Earlier this year, the UN’s State of Food Security and Nutrition report led with a depressing summary: “the world is moving backwards in efforts to eliminate hunger and malnutrition”. Its findings make for grim reading. Close to one third of the world’s population is food insecure, and after falling for decades, the number of people affected by hunger has risen to well over 800 million people, nearly 10% of the global population.
With the situation set to get even worse over the coming months due to the war in Ukraine, and the threat of climate change growing ever greater, the question of how we ensure food security for all, could not be more pressing. To date, most efforts have focused on increasing food production and fortifying and supplementing foods with key nutrients. But while this has improved food security for millions, it has also come with some major costs – perhaps the most notable being the environmental damage caused by intensive agriculture.
A more fundamental issue is that having a plentiful supply of food is only one part of the solution to hunger and malnutrition. Recognition of this fact has given rise to a third approach to improving food security, based around ensuring the right to food. It has also driven an evolution in the definition of food security itself, from its original focus on availability, to a broader understanding that emphasises the importance of factors like access, resilience, nutrition and culture. More recently, two new dimensions to food security have been added: sustainability, and ‘agency’ – in short, the ability of individuals and communities to influence decisions around the production, processing and distribution of the food they eat.
Food security and land rights
This growing focus on the importance of rights and agency to food security is especially relevant when it comes to the question of who has a stake in the ownership and management of land. In the developing world, there is good evidence to show that the extent to which people have secure land rights has a major bearing on food security. In part, this is because having access to land represents a hugely valuable means of producing food and income, but it’s also because it gives individuals and communities greater control over their food supply. A good example of this, in a negative sense, can be seen with the impact of foreign land acquisitions in Asia and sub-Saharan Africa. Despite an increase in yields there, food security has suffered – both as a result of farmers losing their land, and the decision by the new corporate owners to grow energy-rich but nutrient-poor crops for export.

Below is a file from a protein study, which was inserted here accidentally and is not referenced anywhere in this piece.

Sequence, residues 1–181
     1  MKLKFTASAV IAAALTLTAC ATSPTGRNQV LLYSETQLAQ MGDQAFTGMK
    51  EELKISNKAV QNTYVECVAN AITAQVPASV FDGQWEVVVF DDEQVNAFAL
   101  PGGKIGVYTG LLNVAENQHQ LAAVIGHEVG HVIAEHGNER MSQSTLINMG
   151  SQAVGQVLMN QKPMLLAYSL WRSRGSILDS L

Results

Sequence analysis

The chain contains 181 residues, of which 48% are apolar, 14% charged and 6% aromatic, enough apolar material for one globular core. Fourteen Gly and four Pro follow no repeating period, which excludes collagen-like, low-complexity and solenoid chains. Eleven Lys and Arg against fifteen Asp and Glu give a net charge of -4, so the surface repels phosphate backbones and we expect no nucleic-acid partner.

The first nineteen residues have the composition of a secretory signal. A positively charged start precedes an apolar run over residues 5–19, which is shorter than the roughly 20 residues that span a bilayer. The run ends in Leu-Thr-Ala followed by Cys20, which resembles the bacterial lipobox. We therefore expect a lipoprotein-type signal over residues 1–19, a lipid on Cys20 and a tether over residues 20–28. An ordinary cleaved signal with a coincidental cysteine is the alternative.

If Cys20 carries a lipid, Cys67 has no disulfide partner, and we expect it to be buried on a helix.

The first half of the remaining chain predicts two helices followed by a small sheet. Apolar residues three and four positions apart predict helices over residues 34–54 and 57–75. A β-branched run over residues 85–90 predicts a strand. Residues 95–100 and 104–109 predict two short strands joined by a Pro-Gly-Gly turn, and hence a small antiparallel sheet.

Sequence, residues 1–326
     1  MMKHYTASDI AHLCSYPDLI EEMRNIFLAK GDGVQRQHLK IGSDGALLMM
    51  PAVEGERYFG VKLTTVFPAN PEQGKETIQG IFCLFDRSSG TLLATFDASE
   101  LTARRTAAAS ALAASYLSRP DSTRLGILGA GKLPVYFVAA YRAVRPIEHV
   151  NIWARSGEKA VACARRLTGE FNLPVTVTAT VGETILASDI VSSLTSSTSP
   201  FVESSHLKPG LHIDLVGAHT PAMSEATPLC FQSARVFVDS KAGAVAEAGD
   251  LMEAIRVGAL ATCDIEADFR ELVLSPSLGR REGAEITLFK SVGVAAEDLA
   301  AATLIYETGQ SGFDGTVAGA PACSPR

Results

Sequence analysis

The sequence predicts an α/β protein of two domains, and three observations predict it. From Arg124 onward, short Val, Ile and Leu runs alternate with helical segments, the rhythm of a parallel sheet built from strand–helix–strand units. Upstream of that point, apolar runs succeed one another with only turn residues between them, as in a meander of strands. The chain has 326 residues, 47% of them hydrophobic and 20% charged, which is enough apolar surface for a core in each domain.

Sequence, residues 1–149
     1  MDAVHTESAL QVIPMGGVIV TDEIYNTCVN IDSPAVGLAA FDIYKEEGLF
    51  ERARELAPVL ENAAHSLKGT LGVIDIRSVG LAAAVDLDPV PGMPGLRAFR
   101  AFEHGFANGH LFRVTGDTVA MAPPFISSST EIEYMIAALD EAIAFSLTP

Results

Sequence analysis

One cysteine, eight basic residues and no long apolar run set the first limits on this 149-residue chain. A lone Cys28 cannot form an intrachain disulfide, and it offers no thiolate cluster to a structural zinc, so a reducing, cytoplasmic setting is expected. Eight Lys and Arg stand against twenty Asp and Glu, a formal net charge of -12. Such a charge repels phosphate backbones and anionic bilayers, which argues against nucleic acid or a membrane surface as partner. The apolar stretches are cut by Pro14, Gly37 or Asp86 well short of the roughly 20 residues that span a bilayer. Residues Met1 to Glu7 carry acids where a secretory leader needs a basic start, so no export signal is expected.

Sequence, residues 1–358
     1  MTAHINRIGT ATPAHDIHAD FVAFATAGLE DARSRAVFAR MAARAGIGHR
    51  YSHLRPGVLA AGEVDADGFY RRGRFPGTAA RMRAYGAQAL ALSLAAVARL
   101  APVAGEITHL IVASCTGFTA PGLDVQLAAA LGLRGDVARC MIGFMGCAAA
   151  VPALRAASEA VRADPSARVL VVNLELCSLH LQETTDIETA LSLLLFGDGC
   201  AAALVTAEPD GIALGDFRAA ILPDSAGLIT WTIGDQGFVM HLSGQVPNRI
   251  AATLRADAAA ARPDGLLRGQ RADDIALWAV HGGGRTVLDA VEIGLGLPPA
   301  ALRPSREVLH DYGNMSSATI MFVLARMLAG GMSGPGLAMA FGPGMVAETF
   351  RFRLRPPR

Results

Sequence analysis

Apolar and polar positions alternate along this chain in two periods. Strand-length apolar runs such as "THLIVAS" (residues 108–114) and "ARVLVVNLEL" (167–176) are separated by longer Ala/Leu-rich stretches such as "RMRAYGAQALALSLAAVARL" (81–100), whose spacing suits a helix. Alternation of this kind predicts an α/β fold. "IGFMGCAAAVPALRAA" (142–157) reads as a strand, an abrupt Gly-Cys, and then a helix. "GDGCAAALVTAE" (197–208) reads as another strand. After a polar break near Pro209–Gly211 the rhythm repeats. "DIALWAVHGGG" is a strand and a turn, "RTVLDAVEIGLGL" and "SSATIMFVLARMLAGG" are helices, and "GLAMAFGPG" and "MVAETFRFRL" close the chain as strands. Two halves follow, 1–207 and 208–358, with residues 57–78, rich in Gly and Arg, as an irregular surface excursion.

There are plenty of positive examples, too. For instance, policies which improve land access for women in the developing world generally deliver major improvements for food security. This is because the larger influence in decision-making this gives them, combined with their greater concern for the wellbeing of their households compared with men, tends to result in a wider diversity of crops being grown and better nutrition. One study in Peru, for example, found that where women owned land, households had a 20% greater chance of being food secure.
The situation in the UK
There is the temptation to think that improving land access to enhance food security is not a concern in a country like the UK, where land reform remains a niche topic of discussion (apart from in Scotland) and where food security is often taken for granted. There are, however, some huge issues around land rights in the UK, as well as broader concerns around who gets a say in how it’s managed. Perhaps the most contentious of these, is our highly concentrated pattern of land ownership and, by extension, decision-making power. This has contributed to a social and economic malaise across many rural areas, with the problem being likened to that of corporate monopolies. The ongoing loss of farm tenancies, as well as concerns around a lack of security of tenure, are also a serious problem for social and environmental reasons, while the lack of governance around buying, selling and managing land means there is no real way of ensuring it is managed in the public interest. Food security is a much greater concern in the UK than some might realise, too. Some 8% of UK households are food insecure, a figure that is much higher in many areas. And while the availability of food might not be an issue at a national level today, the UK’s self-sufficiency has declined considerably over recent decades, something which should be of serious concern given the dire warnings around the impacts of climate change on many of the world’s major food exporting regions. At the same time, thousands of hectares of productive agricultural land have been developed for housing, and millions more have been degraded through unsustainable farming practices.